When I write my reviews, I try to discuss general aspects such as attendance, sales, and aspects which would be of interest to collectors. I even try to do some background. But that is a great idea and one worth following up on. If collectors want to write me at my email at the address at the bottom of this column, we’ll see if we can rustle up some reviews. Way, way back in the day when we did a lot of show and store travel at Beckett, we loved to have analysts out at different parts of the country to compare prices. Today, it would be more of comparing what you thought of the show.
We did receive a couple of very nice emails about our cataloguing column. And yes, I will stress that I’m very prejudiced in favor of the more items added to databases the better off we will be as a hobby. George Vrechek, who himself is a very fine writer and researcher for Sports Collectors Digest added this:
I have enjoyed reading your Sports Collectors Daily. There is always something of interest. In a recent SCD article I made a pitch for buying the Standard Catalog, even if you never expect to collect many of the sets (Ed. Note: you can read those articles here and here).
The article will continue in SCD with three more parts dealing with other sports.
As Jefferson Burdick wrote in his catalog, “Collecting is a magic carpet ride.”
I contacted Beckett by email and phone when I wrote the article but didn’t get much info – other than what is on their website, which is considerable. Even though I had modest interest in post-1980 cards, I also wondered where cataloging of modern cards may wind up. I don’t see anyone wasting the paper to print out a modern card catalog and finding people who want to buy it. However my guess is that a modern-day Burdick will appear and solicit assistance to try to list everything produced regardless of the economics of the venture.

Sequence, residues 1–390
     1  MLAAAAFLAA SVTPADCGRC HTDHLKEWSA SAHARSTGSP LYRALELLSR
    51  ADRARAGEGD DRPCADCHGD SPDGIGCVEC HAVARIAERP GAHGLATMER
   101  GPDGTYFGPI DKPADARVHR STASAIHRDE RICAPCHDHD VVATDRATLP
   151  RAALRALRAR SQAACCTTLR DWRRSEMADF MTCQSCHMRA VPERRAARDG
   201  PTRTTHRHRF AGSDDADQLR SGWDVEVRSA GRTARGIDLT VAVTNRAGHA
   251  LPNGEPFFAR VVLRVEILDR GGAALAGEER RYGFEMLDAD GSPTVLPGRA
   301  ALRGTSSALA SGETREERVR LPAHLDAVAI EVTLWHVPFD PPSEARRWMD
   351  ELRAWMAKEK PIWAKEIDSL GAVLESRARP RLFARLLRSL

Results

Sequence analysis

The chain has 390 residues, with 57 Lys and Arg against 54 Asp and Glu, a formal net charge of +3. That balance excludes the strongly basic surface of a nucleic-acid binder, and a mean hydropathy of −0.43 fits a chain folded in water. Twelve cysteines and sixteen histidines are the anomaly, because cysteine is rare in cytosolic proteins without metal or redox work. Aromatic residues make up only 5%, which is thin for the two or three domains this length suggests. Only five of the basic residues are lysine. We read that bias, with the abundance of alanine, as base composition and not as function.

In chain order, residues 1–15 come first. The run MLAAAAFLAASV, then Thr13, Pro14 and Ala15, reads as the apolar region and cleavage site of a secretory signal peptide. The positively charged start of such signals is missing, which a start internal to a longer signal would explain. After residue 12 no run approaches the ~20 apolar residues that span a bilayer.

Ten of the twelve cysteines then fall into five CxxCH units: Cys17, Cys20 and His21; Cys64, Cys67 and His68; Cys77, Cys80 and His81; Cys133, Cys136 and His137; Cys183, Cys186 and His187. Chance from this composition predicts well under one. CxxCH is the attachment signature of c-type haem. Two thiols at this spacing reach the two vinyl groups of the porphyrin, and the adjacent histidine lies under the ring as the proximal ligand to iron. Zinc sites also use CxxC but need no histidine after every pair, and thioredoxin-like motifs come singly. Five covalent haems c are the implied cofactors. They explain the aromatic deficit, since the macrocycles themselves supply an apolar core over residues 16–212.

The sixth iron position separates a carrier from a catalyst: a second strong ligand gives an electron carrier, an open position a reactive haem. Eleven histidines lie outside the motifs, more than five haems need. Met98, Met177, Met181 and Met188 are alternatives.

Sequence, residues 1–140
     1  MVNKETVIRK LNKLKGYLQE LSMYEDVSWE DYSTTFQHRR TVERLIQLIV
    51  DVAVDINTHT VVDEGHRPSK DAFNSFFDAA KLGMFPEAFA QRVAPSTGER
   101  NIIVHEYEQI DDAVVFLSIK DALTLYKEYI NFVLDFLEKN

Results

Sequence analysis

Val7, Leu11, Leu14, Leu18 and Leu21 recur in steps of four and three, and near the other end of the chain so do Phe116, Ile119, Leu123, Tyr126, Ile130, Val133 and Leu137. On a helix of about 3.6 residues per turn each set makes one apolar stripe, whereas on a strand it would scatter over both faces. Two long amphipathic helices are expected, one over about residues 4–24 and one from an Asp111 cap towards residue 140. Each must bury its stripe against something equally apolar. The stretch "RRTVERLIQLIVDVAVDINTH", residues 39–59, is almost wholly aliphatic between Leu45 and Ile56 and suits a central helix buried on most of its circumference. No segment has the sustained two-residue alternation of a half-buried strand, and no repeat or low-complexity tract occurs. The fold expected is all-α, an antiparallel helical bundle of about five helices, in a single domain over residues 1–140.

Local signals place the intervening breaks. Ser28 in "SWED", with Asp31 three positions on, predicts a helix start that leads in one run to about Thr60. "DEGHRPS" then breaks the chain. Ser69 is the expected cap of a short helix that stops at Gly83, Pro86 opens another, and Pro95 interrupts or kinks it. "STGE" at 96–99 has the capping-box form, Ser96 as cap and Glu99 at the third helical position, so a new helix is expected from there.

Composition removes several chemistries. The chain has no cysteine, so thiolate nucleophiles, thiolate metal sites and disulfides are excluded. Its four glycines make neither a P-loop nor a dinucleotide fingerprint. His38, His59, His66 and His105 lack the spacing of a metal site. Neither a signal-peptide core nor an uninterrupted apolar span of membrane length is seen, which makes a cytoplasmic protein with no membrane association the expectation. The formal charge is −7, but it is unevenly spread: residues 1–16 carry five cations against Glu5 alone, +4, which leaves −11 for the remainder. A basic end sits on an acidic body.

I tend to agree with you, George. There is real value in data and it’s a shame that the most experienced and vast pools of data are not being kept up as well as they could be. We’ve said in the past how F&W, for dead on business reasons, ended up with just the vintage Standard Catalogue. Could you imagine if they had kept up and when Beckett/COMC had their split, and F&W was still active, how easy (and profitable for F&W) the switch would have been from Beckett to F&W? Right business reason to eliminate all the price guide positions, wrong conclusion as events later developed.
Meanwhile Ken Hicks, from the Atlanta area discussed the older days of trading in regional sets.
I totally agree that the goal should be to catalog every baseball card and sets. Back in the day, regionals were the hardest and most desirable cards to collect due to their scarcity and they were always at the top of every collector’s want list…you could buy most Topps and Bowman cards from the dealers, but you had to really search and network to find and obtain regionals.
Being from the Atlanta area, I was able to be the only supplier of several Atlanta Crackers, Braves, Falcons and Hawks cards and I could trade them for many great sets or items that would have cost me a lot of money otherwise.
Today, it seems regionals do not sell on eBay or in auctions for what they used to because they are not collected or desired as much and I find that very sad.
Thanks for bring this up and I always enjoy your columns.
This almost reminds me of the old chicken and eggs arguments. Are these items not selling because so few people care or are these items not selling because the price guides are not listing them in their online and print data bases?
If a Carlos Gomez collector knows there are several variants of the 2014 Milwaukee police sets, then they will chase those down and pay extra to get all the different types. But if not listed in any guide, then the collector may just try to get the items as cheaply as possible.
So are the sets cheap because no one really cares or is it because no catalog lists those cards and a lot of people don’t know they exist? Truly an interesting dilemma for all concerned.